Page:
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A Day in the Life of a Chicago Homeless Shelter

Sterling J. Gildersleeve, the Director of Operations and Programs for A Safe Haven

Entering A Safe Haven, located in Chicago, is like entering a hotel on Michigan Ave. Well-dressed and extremely polite patrons greet you at the front desk while others wait by the elevators to take you to your desired location.

One would never guess that a majority of these employees were once homeless on the streets of Chicago, or had even spent time behind bars.

A Safe Haven, founded by Neli and Brian Rowland in 1994, is designed to take in homeless people from around the city of Chicago and provide them with the tools necessary to lead successful, independent lives.

From transitional housing, including meals and health services, to job training and placement, A Safe Haven participants are provided the tools they need to succeed on their own.

According to WGN, with Chicago reaching 400 homicides in the year 2012 as of October, the community is looking to organizations such as A Safe Haven to make a difference.

Whether reaching out to Chicago’s homeless, it’s returning veterans, or troubled youth, A Safe Haven touches the lives of over 1200 people daily and has served over 32,000 clients.

“We offer from complete homelessness all the way up to home ownership,” said Sterling J. Gildersleeve, the Director of Operations and Programs for A Safe Haven. “We are the only ones.”

“The average is three to four months, but there is no time limit as long as somebody is working towards bettering themselves and they’ve got a plan and are following through on it, they can stay.”

At A Safe Haven, each resident’s individual needs are addressed. Mr. Gildersleeve added that a majority of participants keep in touch when they move into their own homes. “We stay in touch; it’s a community.”

A Safe Haven hopes to serve even more people in the future. “We’re always looking to expand,” said Gildersleeve. Currently, A Safe Haven’s added focus is on the growing population of young homeless who are susceptible to rising crime.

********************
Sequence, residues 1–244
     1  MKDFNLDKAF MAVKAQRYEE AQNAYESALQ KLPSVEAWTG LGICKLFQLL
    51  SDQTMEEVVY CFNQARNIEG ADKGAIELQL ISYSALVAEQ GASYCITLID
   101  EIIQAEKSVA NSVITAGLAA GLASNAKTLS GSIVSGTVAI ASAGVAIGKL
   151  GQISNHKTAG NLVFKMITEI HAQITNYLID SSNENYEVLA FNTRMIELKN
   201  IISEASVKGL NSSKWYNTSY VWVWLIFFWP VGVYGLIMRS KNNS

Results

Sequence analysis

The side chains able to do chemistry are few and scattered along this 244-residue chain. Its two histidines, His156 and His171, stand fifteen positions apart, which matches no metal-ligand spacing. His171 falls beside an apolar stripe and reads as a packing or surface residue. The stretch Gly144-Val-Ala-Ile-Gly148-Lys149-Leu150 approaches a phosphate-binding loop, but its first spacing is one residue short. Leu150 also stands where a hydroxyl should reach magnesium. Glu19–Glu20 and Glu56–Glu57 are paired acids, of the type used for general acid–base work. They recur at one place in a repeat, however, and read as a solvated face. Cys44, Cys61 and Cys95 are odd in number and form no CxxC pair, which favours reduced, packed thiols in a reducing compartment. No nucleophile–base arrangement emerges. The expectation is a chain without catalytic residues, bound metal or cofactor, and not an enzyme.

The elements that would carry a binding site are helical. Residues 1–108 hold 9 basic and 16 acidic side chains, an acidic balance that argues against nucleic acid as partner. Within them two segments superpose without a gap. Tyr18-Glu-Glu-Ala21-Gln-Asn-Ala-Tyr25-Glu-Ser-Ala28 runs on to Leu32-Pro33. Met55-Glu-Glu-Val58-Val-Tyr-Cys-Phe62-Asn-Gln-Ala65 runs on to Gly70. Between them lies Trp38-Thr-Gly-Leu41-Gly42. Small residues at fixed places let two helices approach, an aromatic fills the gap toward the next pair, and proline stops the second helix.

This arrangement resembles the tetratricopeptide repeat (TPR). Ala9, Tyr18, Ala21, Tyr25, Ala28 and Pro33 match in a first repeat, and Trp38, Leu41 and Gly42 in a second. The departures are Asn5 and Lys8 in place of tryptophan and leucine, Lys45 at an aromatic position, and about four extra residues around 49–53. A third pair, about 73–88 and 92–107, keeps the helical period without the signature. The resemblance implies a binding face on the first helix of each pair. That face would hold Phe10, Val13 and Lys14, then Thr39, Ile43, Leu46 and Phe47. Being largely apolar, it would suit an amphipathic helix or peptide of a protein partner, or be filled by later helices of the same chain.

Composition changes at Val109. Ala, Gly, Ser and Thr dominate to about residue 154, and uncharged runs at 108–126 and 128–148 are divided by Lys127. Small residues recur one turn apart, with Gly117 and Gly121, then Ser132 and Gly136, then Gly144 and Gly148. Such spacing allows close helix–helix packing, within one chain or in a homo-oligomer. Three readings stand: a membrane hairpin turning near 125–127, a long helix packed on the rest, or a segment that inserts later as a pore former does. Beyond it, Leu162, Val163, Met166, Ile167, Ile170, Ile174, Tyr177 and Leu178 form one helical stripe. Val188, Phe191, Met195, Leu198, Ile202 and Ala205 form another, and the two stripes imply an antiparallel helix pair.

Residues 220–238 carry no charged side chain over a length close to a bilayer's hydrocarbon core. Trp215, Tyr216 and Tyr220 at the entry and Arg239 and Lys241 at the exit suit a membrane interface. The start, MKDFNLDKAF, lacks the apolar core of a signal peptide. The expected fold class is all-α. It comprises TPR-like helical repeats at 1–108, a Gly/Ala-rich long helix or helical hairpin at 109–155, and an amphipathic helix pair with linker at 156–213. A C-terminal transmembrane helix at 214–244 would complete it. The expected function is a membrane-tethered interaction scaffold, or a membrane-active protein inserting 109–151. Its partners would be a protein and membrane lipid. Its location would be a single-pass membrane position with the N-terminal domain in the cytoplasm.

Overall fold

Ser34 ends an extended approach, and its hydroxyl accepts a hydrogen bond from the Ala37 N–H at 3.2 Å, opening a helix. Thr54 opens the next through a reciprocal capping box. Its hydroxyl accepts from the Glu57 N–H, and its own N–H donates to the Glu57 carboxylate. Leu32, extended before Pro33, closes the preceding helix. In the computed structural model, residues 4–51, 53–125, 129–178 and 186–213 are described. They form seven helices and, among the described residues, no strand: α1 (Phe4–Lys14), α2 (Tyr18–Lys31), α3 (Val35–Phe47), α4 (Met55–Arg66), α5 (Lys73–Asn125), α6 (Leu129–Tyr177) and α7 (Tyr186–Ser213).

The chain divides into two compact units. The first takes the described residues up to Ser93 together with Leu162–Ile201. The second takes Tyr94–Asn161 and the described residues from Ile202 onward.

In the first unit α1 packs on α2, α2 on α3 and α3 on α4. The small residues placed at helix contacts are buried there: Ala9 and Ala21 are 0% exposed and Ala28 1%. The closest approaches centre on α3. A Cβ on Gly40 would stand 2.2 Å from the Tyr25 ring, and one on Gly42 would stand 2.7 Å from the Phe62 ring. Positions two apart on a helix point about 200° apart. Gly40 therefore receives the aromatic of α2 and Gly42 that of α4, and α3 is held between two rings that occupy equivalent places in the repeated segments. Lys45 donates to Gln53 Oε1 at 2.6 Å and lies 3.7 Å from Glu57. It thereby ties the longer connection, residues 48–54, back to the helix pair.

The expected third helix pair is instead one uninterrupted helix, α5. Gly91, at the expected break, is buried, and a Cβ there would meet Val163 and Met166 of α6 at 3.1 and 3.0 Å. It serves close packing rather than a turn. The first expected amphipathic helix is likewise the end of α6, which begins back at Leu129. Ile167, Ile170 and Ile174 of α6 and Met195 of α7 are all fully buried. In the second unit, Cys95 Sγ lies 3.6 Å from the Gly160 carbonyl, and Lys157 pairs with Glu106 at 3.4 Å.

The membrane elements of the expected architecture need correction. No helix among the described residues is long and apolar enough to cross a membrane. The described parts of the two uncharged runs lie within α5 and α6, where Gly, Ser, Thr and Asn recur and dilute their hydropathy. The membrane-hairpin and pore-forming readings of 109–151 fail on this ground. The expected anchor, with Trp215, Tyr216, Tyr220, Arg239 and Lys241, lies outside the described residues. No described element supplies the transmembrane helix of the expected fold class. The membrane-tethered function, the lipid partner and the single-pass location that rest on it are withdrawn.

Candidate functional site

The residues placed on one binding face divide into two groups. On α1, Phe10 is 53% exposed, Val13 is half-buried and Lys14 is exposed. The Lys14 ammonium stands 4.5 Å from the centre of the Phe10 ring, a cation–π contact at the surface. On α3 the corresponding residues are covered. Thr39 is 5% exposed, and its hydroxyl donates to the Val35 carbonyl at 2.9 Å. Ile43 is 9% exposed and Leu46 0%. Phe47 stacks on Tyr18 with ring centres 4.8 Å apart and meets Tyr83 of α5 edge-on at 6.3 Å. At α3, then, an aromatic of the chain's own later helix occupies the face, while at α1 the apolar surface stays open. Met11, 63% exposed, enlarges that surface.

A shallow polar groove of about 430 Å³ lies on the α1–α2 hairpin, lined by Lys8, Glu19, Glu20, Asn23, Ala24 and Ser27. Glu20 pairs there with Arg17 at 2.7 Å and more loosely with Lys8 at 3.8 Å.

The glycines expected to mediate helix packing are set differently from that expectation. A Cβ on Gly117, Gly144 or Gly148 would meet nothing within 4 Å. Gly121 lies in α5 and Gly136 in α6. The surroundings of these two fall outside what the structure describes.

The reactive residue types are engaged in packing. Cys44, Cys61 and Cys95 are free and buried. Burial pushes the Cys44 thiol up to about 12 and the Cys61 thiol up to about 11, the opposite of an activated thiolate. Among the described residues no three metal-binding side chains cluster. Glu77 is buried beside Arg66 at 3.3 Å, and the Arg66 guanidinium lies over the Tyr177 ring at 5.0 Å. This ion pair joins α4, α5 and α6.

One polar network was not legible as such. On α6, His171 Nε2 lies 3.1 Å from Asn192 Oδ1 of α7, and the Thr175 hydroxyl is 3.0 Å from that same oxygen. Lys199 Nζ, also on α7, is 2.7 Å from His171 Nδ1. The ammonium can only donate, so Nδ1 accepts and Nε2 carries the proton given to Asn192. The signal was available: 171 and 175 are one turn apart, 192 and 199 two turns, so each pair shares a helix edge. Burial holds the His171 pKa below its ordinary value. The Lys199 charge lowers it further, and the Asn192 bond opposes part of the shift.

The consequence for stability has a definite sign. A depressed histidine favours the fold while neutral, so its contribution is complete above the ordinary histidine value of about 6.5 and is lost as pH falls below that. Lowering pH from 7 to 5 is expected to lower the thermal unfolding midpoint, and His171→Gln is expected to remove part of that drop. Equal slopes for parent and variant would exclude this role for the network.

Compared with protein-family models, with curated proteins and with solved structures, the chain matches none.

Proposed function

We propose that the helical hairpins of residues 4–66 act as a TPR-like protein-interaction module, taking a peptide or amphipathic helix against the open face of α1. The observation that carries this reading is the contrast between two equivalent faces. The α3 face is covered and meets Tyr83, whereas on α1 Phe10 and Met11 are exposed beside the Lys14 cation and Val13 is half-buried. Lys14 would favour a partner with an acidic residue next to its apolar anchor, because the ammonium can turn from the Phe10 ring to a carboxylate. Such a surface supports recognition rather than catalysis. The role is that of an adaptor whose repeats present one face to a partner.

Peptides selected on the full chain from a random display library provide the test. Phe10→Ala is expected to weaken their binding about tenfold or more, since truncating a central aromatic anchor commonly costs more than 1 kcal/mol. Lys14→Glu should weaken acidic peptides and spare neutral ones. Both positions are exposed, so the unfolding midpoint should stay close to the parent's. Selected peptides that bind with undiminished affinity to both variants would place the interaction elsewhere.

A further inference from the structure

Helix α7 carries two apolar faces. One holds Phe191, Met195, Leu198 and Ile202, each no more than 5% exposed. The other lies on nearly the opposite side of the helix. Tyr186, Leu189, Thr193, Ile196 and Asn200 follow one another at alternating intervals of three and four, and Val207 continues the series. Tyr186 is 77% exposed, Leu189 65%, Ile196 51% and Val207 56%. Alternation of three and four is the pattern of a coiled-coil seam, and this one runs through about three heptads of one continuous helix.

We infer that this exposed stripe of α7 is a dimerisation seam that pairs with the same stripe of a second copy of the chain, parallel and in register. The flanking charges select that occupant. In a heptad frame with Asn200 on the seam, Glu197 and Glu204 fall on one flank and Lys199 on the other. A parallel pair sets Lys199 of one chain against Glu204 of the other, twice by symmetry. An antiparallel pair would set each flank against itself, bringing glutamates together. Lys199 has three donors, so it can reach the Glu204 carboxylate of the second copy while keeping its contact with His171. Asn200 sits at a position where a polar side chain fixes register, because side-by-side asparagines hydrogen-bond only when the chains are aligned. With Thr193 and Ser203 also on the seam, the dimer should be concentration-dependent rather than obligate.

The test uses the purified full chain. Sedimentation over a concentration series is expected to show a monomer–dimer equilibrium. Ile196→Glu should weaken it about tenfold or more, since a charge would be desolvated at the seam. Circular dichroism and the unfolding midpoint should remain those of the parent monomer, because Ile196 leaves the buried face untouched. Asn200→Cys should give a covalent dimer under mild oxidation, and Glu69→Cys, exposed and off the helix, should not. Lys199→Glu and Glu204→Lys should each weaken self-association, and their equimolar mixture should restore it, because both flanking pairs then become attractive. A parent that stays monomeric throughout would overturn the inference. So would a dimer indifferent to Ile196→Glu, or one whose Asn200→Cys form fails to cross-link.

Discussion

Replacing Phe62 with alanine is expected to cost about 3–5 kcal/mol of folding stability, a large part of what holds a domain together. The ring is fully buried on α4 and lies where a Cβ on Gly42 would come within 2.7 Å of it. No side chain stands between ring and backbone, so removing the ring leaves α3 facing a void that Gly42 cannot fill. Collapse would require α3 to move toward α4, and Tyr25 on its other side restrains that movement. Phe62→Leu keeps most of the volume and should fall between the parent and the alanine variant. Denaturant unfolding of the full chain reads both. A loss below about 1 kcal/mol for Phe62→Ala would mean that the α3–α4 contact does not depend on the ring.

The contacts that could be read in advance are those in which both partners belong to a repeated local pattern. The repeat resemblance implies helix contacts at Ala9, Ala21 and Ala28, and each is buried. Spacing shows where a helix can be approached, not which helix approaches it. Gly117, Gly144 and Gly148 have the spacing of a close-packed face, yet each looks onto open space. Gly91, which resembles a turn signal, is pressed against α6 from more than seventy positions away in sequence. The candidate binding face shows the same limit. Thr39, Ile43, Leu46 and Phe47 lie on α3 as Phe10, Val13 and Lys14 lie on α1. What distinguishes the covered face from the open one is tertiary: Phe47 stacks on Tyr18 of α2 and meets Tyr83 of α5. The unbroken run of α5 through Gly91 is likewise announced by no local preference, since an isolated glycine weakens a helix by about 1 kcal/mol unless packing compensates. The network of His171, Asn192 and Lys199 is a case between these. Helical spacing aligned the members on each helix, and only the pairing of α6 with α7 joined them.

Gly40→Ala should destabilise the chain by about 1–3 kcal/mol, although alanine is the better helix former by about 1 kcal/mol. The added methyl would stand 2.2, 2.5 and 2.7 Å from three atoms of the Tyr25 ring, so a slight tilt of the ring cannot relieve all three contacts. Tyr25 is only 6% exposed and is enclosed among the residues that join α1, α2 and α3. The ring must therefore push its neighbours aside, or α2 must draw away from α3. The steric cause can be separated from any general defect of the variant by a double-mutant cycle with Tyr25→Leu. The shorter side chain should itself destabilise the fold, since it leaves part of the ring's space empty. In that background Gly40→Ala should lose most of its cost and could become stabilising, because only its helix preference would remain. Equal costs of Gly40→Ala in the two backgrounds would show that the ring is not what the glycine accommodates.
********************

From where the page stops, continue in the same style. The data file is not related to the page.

“The entire population of A Safe Haven is getting younger. When we first started in 1994, our average age was in the late 30s to early 40s, but now our population is much more in their 20’s.”

He added, “As more resources are available, young people will take advantage of them.”

One of their newest resources available to homeless youth is their youth overnight shelter. “Ours just started the 1st of October for youth ages 18-24.”

He added, “There is no other requirement other than being homeless. They can just come to our doors at 7pm; we let them come in and take a shower, let them wash their clothes, we give them dinner and breakfast the next morning.”

A Safe Haven also looks to reduce youth crime in Chicago with their Neighborhood Re-entering Initiative. Since many recently released inmates are homeless and drug-addicted, they will not integrate into society without specialized services.

A Safe Haven, working with parole officers and the Department of Corrections, recruits youth aged 18-24 who have been recently released from jail or prison and helps them begin a new life.

“Our goal is to keep the youth from returning to prison” said Gildersleeve. “We help them in anyway that will do that. We help them get into school, or if they need school clothes or school supplies, we supply that. Anything that will make it a challenge for the youth to be successful we help out with.”

Looking at the recent crime statistics in Chicago, where the city has had more homicides than U.S troop killings in Afghanistan this year according to the Huffington post, it’s clear that A Safe Haven’s Neighborhood Initiative is urgently needed.

Gildersleeve believes that the reason youth is becoming involved with crime is because it’s the only life they’ve known.

“People are just trying to survive and are doing the best they can with what they have. A lot of young people only know what they’ve seen. Sometimes coming to us, we see youth that you would be amazed at how terrible their situation has been all their life,” he said. “They don’t know any better; they have no morals, but given the opportunity, people can change.”

Their mission is clear, to help those they serve “aspire, transform, and sustain their lives from homelessness to self-sufficiency with pride and purpose.” Gildersleeve says the transformation is what makes his job so worthwhile.

“Everyday I get to see people at their very worst and then, by the time they leave, I get to see the pride in people transferring from here to their own homes.” He added, “We get the wonderful gift of helping people. There’s absolutely nothing better.”

Photo by Benita Gingerella

  • written by bgingerella on January 31st, 2013
  • posted in Featured

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